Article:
At launch, as now, there is only one Lord Nagafen and only one Lady Vox. If you defeated them, you also had to compete with a server full of people who wanted to defeat them, too. That’s a pretty big accomplishment.

So, in the spirit of making raid content more available while still allowing for competition and accomplishment, here’s what we have planned for an update in July:

  • Nagafen’s Lair, Permafrost Keep, the Hole, and Kedge Keep are now load-balancing zones. This will let more people have access to these zones for XP and non-raid items (WTB GEBs, PST).
  • We now have a way to prevent raid targets from spawning in extra load-balanced zones. We have done this with Lord Nagafen, Lady Vox, Master Yael, and Phinigel Autropos so they will only ever spawn in the base version of their zones.
  • All raid targets (dragons, Phinigel, Yael, and gods) now spawn more often than they used to, but have a much larger variance in their spawn times so they’ll be more difficult to predict.
  • We’ve made the raid bosses more difficult, so that they will require coordination of more adventurers to tackle them successfully. Healing and support should once again be very important in these encounters.
  • Speaking of Hate and Fear, while we didn’t implement load balancing, we did reduce the respawn time of all non-raid targets by two thirds. Any mini-bosses that didn’t have persistent timers (such as the Fear golems) now have them and have additional variance in their respawn times. This means that they won’t necessarily be spawned when the server first comes up.

In summary, we’re increasing availability so that there are more chances at the content, increasing difficulty for both a greater challenge and to require coordination of larger groups of people, and increasing variance in spawn timers so that knowledge of the last kill time is less of an advantage.

We’re hoping that the combination of these changes will both relieve some of the competition for experience and item content at the top end of the server but keep the integrity and uniqueness of the race for raid targets. Thanks for playing!

The first thing that struck me was how they went right to their “multiple instances of a single zone” solution.  When you have a hammer, every problem looks like a nail.  That said, as a non-raider, being able to access those zones without having to be part of the raiding drama is about all I could ask for.  Raiders can have the base version of the zone with the raid boss and everybody else can be in a different instance.  Like Keen, I am pretty happy with the zone instancing plan so far.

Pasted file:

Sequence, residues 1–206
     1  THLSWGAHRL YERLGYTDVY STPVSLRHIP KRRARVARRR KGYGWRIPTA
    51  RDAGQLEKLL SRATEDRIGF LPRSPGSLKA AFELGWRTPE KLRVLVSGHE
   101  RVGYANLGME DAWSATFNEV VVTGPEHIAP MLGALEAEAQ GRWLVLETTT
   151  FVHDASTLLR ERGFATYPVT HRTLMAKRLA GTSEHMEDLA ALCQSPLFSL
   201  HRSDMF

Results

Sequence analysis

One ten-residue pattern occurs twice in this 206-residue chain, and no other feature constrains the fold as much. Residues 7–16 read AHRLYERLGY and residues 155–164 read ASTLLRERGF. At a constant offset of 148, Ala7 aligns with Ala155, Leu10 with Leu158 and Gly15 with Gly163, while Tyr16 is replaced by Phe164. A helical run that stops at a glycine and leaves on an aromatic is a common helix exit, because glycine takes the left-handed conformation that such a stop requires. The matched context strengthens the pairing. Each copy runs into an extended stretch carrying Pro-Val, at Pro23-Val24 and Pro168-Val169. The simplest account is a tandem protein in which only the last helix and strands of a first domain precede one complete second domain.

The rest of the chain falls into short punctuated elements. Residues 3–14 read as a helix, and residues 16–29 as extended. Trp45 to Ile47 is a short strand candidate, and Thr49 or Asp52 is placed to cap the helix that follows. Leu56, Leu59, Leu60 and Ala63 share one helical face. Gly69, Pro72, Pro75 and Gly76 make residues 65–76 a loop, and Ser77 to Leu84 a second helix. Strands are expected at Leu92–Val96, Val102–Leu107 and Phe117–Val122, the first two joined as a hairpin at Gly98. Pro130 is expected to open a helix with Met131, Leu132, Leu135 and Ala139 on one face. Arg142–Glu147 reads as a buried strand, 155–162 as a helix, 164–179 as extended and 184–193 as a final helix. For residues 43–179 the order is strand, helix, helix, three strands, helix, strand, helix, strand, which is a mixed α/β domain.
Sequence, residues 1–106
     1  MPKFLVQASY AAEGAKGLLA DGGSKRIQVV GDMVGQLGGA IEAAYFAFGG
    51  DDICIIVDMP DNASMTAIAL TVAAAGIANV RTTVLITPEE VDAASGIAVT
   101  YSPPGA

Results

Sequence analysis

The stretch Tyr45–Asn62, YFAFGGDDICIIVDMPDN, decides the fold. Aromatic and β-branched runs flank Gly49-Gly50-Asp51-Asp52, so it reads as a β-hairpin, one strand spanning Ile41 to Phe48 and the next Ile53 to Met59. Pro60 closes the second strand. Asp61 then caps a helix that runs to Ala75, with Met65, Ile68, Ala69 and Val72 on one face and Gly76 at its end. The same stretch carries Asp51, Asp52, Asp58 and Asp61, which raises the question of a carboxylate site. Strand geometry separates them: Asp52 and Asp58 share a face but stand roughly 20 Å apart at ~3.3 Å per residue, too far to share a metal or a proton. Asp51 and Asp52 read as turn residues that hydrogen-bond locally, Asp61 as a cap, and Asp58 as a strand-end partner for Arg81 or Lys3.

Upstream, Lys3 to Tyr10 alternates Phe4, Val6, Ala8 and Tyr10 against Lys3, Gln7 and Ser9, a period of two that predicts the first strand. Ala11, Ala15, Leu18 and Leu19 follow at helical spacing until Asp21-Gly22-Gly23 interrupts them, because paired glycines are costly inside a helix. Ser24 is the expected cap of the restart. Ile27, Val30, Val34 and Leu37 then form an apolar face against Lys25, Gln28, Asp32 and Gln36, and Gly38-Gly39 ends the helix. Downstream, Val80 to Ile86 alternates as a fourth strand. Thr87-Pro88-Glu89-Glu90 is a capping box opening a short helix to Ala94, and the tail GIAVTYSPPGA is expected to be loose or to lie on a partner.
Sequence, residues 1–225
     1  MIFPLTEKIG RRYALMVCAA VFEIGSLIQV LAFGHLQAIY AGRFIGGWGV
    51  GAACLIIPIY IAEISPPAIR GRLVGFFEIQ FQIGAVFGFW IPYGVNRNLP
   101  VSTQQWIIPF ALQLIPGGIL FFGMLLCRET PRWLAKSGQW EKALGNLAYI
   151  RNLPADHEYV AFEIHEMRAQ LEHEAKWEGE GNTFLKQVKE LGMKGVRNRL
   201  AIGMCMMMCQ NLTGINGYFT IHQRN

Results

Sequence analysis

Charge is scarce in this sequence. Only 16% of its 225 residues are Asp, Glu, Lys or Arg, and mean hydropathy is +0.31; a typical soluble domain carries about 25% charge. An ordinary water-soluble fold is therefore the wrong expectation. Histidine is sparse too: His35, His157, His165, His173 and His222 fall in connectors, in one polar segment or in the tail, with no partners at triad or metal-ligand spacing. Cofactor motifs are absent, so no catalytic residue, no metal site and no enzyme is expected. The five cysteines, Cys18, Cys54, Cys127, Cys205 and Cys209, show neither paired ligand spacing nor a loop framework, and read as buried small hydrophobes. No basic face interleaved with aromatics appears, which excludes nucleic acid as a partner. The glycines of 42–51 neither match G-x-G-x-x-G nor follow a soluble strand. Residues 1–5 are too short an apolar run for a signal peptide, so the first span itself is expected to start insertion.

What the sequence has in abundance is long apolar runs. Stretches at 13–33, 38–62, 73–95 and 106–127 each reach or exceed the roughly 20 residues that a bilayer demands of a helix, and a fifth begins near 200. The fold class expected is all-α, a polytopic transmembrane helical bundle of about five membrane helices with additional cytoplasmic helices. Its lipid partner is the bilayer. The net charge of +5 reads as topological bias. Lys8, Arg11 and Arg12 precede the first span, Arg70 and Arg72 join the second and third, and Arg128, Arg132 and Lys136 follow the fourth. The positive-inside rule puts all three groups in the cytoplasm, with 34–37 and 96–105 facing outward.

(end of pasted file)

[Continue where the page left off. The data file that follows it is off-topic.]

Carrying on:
The rest is… interesting.  They seem to be committed to the old-school, open world raiding experience that was EverQuest in 1999.  Of course, putting those bosses in real instances with lockout timers and all that stuff we’ve come to accept as the way things should be might be too much work as well.

Taking raid bosses off the static timer sounds good, but as we have seen in the past, that sometimes will just make people camp the site non-stop.  But at least they made the timer shorter.  The net result should be more raids possible.

Making the raid bosses more difficult though?  My gut reaction:

Down in San Diego...

Also, the remaining GM team in San Diego…

Schadenfreude aside, making the bosses tougher is probably a really good thing.  This isn’t 1999 any more.  The game has changed, the classes have been revised, and the tactics of these fights have long since been mapped out in great detail.  And it will keep us from seeing another multi-boxer down a boss mob with a group of Shadow Knights using vampiric touch in rotation.

Of course, there is the question as to what “more difficult” really means.  More hit points?  Hitting harder?  More resists?  All of the above?

Anyway, the whole thing seems pretty reasonable to me given what Daybreak has to work with at the moment.  Of course, that is easy for me to say, since I will never actually be in one of these raids.    But it is certainly more effort put into the game itself than they did with Fippy Darkpaw.  Of course, back with Fippy Darkpaw the expansions were unlocking a lot quicker, so I am sure there was a bit of “We just have to get to Gates of Discord and this problem goes away” on the team.

Reactions to this on  forum are mixed… which would pretty much describe the reaction to almost anything Daybreak posts on its forums.  There are concerns about implementation and what the new timers will mean for line members in the raiding guilds… which seem to be the same raiding guilds that were on Fippy Darkpaw.  We shall see how this works out.

Get Lockjaw Today!

Erm… I mean get on the Lockjaw server today!  Maybe.  Daybreak has targeted today, May 29, at 11am Pacific Time as the launch point for the second Voting Time Locked Progression Server, Lockjaw.

Given all they have gone through over the last week, I would hope that this would be the easy bit.  Just clone the server, wipe the character database, and go!  As if anything in life is ever that simple.

Lockjaw Defeated

He’s going to be ready to go by 11am, right?

As I noted in yesterday’s post, this seems to be the only answer for Daybreak at the moment.  Even with all the updates they have done for the Ragefire server, it remains popular beyond its capacity.  People will have to start fresh however.

How this plays out in the longer term… well, Daybreak could help out by not forgetting about how popular Ragefire has been while they have talked about it.

Don't forget about me!

Don’t forget about me!

Addendum:

 

Days of Ragefire

Maybe not the best post title, but I figured I already had two literary allusions for titles so far this week, so why not run with the trend.